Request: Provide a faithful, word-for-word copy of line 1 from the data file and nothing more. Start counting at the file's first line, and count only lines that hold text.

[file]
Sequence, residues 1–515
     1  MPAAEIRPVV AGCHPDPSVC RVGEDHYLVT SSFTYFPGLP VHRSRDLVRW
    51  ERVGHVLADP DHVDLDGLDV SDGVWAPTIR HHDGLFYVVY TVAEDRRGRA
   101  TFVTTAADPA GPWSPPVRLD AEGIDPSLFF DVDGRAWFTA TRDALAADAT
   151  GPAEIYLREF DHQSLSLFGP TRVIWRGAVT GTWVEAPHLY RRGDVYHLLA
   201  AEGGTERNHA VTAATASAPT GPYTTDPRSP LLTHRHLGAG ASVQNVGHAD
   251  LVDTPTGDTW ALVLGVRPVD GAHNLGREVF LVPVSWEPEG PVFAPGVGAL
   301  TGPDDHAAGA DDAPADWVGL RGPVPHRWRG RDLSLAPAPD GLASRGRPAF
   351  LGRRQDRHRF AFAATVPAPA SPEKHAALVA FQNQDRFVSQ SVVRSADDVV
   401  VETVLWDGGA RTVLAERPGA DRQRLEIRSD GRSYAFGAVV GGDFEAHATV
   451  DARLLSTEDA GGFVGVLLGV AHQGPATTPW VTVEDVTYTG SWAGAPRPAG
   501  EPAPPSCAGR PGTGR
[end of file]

Sequence, residues 1–515